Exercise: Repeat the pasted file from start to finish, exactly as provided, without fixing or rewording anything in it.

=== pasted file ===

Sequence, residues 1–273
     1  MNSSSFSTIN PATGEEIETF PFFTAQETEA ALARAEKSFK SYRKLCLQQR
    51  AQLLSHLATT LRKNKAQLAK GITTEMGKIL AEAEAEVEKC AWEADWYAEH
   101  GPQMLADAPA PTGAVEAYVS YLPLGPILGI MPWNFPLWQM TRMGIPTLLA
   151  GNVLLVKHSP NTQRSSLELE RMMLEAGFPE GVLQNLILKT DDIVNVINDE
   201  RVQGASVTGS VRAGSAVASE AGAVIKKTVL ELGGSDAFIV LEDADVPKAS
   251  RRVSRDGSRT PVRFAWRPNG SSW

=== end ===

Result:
Sequence, residues 1–273
     1  MNSSSFSTIN PATGEEIETF PFFTAQETEA ALARAEKSFK SYRKLCLQQR
    51  AQLLSHLATT LRKNKAQLAK GITTEMGKIL AEAEAEVEKC AWEADWYAEH
   101  GPQMLADAPA PTGAVEAYVS YLPLGPILGI MPWNFPLWQM TRMGIPTLLA
   151  GNVLLVKHSP NTQRSSLELE RMMLEAGFPE GVLQNLILKT DDIVNVINDE
   201  RVQGASVTGS VRAGSAVASE AGAVIKKTVL ELGGSDAFIV LEDADVPKAS
   251  RRVSRDGSRT PVRFAWRPNG SSW